9:12 AM: We’re starting our eclipse coverage as more of a weather report. While it’s been sunny here in Upper Fauntleroy at ~300 feet, the fog’s rolling through again. We’re headed to check higher elevations. Updates to come.
9:22 AM: In general – if you’re socked in, head east/south. We’re at 35th/Thistle, and the sky’s blue both to the east (Highland Park/Westwood) and now to the north as we head toward High Point.
Myrtle Reservoir Park (35th/Myrtle; photos added above) is near the highest point in the city, lots of open space, and people are watching.
9:40 AM: Now arriving at High Point Library at 35th/Raymond. Big crowd. If you need a parking space, be prepared to walk a ways.
9:57 AM: The viewing party here is inside and outside. Outside, the view of the sun is on the east side of the library:
Thanks to everybody who offered to share their glasses – we took a quick look and even at partial, it’s amazing! Meantime, inside, the recently upgraded library meeting room has NASA’s live broadcast on the big screen:
The NASA stream includes a feed from the special Gulfstream aircraft that’s flying over the path of upcoming totality in Lincoln City, Oregon (read about it here) – it took off this morning from nearby Boeing Field, and is scheduled to return there around 12:30 pm.
10:04 AM: A lady here in the meeting room just announced to everyone that her daughter in Ocean Shores reports it’s “getting dark” there. In here, the NASA feed is having trouble due to overload.
Meantime, if you’re just going outside to see the near-totality, Lora Swift from the West Seattle Junction Association tells us skies are clear for their viewing party too (Junction Plaza Park, 42nd/Alaska, photo above).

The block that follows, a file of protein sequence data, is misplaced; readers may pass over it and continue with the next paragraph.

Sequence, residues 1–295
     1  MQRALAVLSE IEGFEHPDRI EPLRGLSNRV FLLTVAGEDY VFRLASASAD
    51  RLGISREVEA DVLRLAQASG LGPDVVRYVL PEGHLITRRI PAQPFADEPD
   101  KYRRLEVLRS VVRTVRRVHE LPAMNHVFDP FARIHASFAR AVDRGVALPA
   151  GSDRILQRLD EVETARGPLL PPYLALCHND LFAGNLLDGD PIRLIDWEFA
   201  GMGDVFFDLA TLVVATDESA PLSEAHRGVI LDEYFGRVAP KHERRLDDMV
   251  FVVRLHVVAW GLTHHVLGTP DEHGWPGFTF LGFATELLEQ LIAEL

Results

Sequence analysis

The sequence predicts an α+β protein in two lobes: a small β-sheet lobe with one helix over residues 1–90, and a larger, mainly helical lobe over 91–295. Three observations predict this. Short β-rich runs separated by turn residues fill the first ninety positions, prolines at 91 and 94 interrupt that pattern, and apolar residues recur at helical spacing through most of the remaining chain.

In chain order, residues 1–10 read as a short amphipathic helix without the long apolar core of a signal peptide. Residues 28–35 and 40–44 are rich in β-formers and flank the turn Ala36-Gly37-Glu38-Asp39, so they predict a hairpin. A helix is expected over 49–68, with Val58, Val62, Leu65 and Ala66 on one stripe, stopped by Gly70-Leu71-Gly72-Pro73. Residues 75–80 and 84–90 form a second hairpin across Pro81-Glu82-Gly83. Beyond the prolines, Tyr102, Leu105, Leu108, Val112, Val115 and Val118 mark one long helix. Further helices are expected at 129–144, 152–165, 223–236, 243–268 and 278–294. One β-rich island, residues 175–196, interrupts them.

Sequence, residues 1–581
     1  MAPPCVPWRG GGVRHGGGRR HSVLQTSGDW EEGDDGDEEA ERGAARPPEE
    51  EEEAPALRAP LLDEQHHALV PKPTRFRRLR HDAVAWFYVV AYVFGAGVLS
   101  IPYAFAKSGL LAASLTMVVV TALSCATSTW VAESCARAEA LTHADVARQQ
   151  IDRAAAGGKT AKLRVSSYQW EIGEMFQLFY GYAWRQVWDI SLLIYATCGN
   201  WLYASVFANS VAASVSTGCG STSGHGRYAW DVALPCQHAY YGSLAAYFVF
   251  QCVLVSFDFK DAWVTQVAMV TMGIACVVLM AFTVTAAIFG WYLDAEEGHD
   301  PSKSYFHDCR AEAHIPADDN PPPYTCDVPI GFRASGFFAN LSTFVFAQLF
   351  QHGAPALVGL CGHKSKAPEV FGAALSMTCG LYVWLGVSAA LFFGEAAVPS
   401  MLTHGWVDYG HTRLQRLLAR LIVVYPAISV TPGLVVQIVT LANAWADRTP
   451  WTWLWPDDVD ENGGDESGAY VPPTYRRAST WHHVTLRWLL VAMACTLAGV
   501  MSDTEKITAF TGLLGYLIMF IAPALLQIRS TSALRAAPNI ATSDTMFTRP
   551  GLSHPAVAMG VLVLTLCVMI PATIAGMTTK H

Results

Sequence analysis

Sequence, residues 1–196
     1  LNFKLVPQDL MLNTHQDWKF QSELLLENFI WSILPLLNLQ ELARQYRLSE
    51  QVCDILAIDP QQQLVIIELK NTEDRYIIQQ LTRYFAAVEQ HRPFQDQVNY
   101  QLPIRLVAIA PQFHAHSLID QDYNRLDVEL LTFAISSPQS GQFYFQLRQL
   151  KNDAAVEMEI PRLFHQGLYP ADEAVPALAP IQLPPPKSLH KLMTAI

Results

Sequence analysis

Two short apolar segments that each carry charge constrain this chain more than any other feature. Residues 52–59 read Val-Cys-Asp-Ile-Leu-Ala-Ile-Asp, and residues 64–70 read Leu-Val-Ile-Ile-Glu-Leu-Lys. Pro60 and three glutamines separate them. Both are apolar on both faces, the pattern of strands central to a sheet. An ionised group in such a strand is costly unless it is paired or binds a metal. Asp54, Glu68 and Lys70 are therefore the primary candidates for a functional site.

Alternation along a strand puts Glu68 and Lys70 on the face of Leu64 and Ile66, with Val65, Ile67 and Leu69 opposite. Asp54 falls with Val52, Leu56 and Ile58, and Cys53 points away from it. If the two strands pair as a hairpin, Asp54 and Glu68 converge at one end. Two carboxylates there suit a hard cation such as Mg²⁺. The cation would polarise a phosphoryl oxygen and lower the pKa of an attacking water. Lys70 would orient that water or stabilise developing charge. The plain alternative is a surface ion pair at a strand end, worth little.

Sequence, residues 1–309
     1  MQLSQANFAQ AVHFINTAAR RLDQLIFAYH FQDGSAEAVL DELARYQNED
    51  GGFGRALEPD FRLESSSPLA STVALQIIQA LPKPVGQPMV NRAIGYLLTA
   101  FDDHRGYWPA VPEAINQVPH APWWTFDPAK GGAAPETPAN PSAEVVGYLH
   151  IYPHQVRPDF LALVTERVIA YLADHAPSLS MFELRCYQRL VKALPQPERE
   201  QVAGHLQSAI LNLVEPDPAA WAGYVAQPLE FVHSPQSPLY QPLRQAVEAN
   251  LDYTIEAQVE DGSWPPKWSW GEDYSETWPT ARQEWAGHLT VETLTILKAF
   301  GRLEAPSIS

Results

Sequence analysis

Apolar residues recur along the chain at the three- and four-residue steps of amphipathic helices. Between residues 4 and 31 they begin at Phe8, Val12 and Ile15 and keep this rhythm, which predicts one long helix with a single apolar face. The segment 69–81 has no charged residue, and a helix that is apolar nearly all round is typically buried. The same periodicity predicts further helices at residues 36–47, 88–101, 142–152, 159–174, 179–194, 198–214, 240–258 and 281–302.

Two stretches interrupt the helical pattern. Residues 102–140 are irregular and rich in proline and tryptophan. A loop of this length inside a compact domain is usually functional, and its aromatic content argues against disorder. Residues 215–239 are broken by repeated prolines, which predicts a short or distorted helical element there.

And Jamie Kinney just tweeted the telescope-camera photo above.
10:34 AM: Maximum coverage has come and gone; the sun won’t be fully revealed again for about an hour in our area. More photos: First, eclipse “shadows” on the ground at High Point Library:
Peak-coverage crowd at High Point, with some “wows” and cheers:
At Junction Plaza Park, where Lora (who sent the photos from there) says about 200 people showed up!
Not far away, a few people went up to the roof at West Seattle Christian Church and sent this photo:
(added) At Jack Block Park – here are West Seattle High School teachers Joy Patman and Renee Phelps, eclipse-watching (thanks for the photos!):
Back to the sun and the moon – another photo from Jamie Kinney, taken at the 92 percent peak:
(Added: Here’s a gallery of Jamie’s images.) We will add video later that we rolled during the peak coverage. No, it did not get dark.
ADDED 12:45 PM: More photos – first, perhaps the most-enthusiastic eclipse viewer we saw:
Here’s High Point librarian Nathalie, who worked energetically to keep everyone informed of the eclipse status and what was going on at the library, inside and out:
Unique viewing apparatus included a colander:
Everyone we saw heeded the “don’t look without glasses” warnings:
One other unusual view – two Alki residents sent us this view of a “white rainbow” in the fog during the eclipse, looking across the low tide – this photo is from Lynn Hall:
Another gathering spot – Providence Mount St. Vincent. (Thanks for the texted photo!)
ADDED 5:32 PM: Thanks to Greg Snyder, a West Seattleite who went to Cascade, Idaho, to be in the totality zone, and shared this image:
And thanks to those who are sharing photos in the comment section below!
AND MORE: From Tom Stoner, another view of the “vegetation shadows” that showed the eclipse:
Another totality view – this one from Alki photographer David Hutchinson, who went south to watch, from “south of Baker City, Oregon, at the Weatherby Rest Area along I-84”:
P.S. The next solar eclipse visible in the U.S. will be in April 2024 – but nowhere near here.